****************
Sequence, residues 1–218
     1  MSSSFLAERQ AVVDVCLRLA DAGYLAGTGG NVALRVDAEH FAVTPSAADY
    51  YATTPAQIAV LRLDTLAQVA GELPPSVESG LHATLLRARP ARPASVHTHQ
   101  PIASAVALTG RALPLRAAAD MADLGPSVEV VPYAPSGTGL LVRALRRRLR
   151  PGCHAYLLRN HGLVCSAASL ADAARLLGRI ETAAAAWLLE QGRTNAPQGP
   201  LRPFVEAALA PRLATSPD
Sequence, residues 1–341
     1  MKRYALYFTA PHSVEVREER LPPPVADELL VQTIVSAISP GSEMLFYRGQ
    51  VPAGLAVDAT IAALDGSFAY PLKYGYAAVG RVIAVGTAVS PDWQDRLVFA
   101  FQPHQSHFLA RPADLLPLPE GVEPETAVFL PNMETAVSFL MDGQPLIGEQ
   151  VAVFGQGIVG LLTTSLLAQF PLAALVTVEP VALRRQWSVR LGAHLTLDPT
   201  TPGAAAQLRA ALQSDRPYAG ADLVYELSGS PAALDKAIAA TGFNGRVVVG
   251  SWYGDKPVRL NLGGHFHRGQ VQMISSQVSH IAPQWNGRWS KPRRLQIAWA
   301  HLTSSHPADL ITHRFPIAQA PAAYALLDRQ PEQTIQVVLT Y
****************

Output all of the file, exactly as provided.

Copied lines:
Sequence, residues 1–218
     1  MSSSFLAERQ AVVDVCLRLA DAGYLAGTGG NVALRVDAEH FAVTPSAADY
    51  YATTPAQIAV LRLDTLAQVA GELPPSVESG LHATLLRARP ARPASVHTHQ
   101  PIASAVALTG RALPLRAAAD MADLGPSVEV VPYAPSGTGL LVRALRRRLR
   151  PGCHAYLLRN HGLVCSAASL ADAARLLGRI ETAAAAWLLE QGRTNAPQGP
   201  LRPFVEAALA PRLATSPD
Sequence, residues 1–341
     1  MKRYALYFTA PHSVEVREER LPPPVADELL VQTIVSAISP GSEMLFYRGQ
    51  VPAGLAVDAT IAALDGSFAY PLKYGYAAVG RVIAVGTAVS PDWQDRLVFA
   101  FQPHQSHFLA RPADLLPLPE GVEPETAVFL PNMETAVSFL MDGQPLIGEQ
   151  VAVFGQGIVG LLTTSLLAQF PLAALVTVEP VALRRQWSVR LGAHLTLDPT
   201  TPGAAAQLRA ALQSDRPYAG ADLVYELSGS PAALDKAIAA TGFNGRVVVG
   251  SWYGDKPVRL NLGGHFHRGQ VQMISSQVSH IAPQWNGRWS KPRRLQIAWA
   301  HLTSSHPADL ITHRFPIAQA PAAYALLDRQ PEQTIQVVLT Y